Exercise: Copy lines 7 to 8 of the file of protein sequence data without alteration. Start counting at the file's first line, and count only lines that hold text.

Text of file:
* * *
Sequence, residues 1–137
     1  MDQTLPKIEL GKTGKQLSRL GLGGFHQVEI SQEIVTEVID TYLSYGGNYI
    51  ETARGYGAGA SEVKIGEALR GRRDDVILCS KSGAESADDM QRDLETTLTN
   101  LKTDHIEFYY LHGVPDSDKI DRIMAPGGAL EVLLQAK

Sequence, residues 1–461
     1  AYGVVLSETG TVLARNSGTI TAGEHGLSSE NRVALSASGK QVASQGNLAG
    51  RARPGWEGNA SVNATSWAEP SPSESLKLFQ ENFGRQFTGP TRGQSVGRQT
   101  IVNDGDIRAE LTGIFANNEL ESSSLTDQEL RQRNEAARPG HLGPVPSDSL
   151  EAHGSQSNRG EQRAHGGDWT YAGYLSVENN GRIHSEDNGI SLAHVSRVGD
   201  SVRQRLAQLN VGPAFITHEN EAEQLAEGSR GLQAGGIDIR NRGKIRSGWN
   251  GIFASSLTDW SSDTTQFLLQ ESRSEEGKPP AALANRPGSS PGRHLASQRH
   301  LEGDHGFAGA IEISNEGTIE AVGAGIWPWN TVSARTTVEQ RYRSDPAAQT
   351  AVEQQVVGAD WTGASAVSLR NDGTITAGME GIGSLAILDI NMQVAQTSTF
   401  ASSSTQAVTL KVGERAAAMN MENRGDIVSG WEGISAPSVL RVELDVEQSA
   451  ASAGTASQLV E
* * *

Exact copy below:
    51  RARPGWEGNA SVNATSWAEP SPSESLKLFQ ENFGRQFTGP TRGQSVGRQT
   101  IVNDGDIRAE LTGIFANNEL ESSSLTDQEL RQRNEAARPG HLGPVPSDSL